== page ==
Image Courtesy: Talksport.com
Great news – you’ve got a budget to bring in an external design consultancy/agency to work on your project.
That’s just the start, if you’re going to maximise the investment, you also need to dedicate time to work with the designers. Ideally that’s not just you, but a team that includes senior management, key influencers and colleagues that are going to be at the sharp end of implementing the end result.
Whether it’s a designing a brand identity, new product or a wayfinding system, no one understands the business better and what’s needed, than the people that work there. Some may have a very clear idea of what they believe is required; for others it maybe more vague; and some will only know it when they see it.
Although they might all work for the same organisation and be emotionally invested in the project, everyone’s views will be shaped by their role, experience and how their brain is wired.
Role of the Design Consultant
The purpose of a design project is ultimately to come up with a creative solution that meets the business need. The designer does not have a monopoly on great ideas, their role is to lead a process that:
- unpacks the brief to get to the heart of the requirement;
- establishes a common understanding of the problem or opportunity;
- creates the underlying narrative to the design solution;
- explores design options;
- arrives at a solution that all can understand, explain and sign up to.
The Importance of Face to Face Contact
To achieve a successful outcome, the client and design team need to spend time together. No matter how well considered a written brief, it can only ever be a sanitised, top line summary, open to interpretation. It will miss the nuance and detail that you get through talking face to face. To really capture the essence of what’s required you need to hear the stories, understand the culture and personality of the business.
Similarly, a second-hand precis of responses to a design concept report, won’t provide the richness needed to guide the evolution of the design. It’s the conversations and exploration around the brief and design that provide the inspiration.
Create Champions not a Committee
By involving a broad spectrum of colleagues in the process, you’ll create champions that will own the outcome and help communicate the narrative to the rest of the organisation.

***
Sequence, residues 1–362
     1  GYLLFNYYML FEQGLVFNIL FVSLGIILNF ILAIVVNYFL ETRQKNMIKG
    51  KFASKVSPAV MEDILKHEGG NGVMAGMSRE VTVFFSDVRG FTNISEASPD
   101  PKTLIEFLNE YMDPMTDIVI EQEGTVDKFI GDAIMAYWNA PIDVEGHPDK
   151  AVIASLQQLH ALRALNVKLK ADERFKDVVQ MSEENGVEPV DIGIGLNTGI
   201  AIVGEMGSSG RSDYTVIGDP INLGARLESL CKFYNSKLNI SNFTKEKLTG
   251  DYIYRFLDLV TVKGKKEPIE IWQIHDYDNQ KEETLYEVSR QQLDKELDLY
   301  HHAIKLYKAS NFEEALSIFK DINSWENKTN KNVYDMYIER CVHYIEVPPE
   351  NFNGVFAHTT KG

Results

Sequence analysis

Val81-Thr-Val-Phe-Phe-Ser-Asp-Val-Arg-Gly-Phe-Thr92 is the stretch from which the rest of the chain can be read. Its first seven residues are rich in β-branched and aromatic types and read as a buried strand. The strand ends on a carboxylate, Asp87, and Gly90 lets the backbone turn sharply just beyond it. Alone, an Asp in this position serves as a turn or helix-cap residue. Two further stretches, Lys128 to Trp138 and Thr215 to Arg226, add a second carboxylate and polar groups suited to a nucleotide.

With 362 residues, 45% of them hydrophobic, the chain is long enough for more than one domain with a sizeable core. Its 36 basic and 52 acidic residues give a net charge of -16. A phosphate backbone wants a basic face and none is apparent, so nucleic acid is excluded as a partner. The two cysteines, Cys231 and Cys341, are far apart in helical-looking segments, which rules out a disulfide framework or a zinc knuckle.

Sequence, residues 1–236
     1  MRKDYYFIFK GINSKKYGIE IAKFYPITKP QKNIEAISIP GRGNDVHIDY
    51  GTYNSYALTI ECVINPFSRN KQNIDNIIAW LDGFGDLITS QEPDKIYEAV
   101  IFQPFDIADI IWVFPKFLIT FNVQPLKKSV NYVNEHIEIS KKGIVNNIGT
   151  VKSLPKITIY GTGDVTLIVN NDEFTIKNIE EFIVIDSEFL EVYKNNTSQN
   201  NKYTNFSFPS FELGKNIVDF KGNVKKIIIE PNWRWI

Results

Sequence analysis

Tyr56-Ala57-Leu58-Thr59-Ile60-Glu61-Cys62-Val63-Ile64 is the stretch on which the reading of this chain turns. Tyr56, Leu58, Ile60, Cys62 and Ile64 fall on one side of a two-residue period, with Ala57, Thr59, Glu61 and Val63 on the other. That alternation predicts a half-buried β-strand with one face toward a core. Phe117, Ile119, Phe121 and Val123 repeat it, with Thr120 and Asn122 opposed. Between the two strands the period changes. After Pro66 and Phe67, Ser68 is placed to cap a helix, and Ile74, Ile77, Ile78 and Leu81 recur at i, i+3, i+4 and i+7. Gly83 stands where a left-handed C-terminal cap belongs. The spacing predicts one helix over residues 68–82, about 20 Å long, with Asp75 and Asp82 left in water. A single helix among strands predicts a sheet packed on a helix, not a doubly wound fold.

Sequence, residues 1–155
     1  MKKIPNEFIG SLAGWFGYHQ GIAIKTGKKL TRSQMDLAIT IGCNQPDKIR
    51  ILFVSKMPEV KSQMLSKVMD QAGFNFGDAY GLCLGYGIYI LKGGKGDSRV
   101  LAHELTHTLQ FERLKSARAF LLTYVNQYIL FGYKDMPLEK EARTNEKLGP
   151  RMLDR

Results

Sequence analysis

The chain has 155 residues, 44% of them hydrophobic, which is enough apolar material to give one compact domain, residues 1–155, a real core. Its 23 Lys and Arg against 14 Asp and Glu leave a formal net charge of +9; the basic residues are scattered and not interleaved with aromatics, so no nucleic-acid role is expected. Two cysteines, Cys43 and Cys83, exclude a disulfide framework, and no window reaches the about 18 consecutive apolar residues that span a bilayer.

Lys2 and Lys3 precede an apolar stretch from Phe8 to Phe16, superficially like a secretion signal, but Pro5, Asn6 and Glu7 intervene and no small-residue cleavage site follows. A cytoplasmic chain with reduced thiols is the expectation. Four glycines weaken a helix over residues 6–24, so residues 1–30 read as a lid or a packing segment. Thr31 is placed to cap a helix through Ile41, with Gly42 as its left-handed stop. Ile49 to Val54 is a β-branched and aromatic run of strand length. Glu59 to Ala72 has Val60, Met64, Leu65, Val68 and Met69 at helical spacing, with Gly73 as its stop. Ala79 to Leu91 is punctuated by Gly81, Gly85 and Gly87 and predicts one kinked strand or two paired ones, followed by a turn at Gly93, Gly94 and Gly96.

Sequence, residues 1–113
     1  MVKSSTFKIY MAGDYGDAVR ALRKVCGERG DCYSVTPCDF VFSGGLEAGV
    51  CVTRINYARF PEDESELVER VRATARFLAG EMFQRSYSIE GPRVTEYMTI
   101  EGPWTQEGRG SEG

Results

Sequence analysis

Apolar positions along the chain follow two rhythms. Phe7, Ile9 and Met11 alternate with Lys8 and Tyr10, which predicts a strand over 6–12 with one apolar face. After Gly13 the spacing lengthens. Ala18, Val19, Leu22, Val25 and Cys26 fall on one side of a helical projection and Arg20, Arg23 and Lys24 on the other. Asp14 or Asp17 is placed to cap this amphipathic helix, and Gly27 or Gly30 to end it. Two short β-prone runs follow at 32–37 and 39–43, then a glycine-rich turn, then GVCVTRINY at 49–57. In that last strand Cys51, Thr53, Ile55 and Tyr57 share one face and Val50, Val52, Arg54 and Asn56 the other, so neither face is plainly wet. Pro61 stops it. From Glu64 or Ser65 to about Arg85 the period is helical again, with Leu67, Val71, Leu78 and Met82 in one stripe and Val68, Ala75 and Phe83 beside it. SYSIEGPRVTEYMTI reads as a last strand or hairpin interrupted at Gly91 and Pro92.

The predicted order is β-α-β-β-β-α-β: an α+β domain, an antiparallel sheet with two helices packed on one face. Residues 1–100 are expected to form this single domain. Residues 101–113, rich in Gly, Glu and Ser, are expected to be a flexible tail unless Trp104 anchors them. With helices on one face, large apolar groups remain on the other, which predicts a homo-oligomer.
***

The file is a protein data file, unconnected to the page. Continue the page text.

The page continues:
Through careful selection of the project team, you’ll reduce the potential for a negative reception. Design is highly subjective. People that have contributed to the development process and understand the rationale underpinning the solution, are more likely to be positive advocates. Even if it doesn’t align with their preferences.
An important caveat is to avoid design by committee, through trying to please all. All participants need to see the bigger picture and be willing to compromise. There needs to be a clear leader with the authority (soft as well as hard) to make decisions and provide direction.
Some Do's and Don'ts
Based on over 30 years of experience of working on design projects as designer and client, the below summarises some key do’s and don’ts.
- Expect a design team to come up with a solution solely from a written brief.
- Channel the relationship between the design consultancy and the client organisation through one individual.
- Ask your consultant to email a design report for comment rather than present it in person for discussion.
- Compromise too far to try and keep everybody happy (cf design by committee).
- Provide simple, one-line feedback responses to a design idea – particularly if you don’t like it.
- Feel compelled to provide feedback on the hoof. Take the time to consider it if needed, making sure you don’t miss any stage deadlines.
- Dismiss advice you don’t like from your consultant team. In all likelihood they are drawing on years of experience of working on projects of a similar nature.
- Leave egos at the door. Respect and explore ideas from all sources (ideas can come from anywhere, not just the design team).
- Encourage your consultant team to challenge preconceptions and ideas.
- Assemble a project team (to include senior management) to work with the consultancy.
- Appoint a clear leader with the authority to make decisions and provide direction.
- Schedule adequate time for the project team to brief the consultant and provide feedback at key stages in design process.
- Provide the consultant with documents and information to help them to understand the broader context.
- Be prepared to provide full, expansive feedback – particularly in response to design ideas.
- Establish a clear timeline when various stages need to be signed off to ensure the project is delivered on time (and stick to it).
Ultimately the best results come from a truly collaborative approach where everyone is listened to and able to contribute. Where the client team dedicates the time. The design team is humble enough to accept that their ideas might not be the best ones, but brave enough to challenge if they think the client’s going down the wrong track.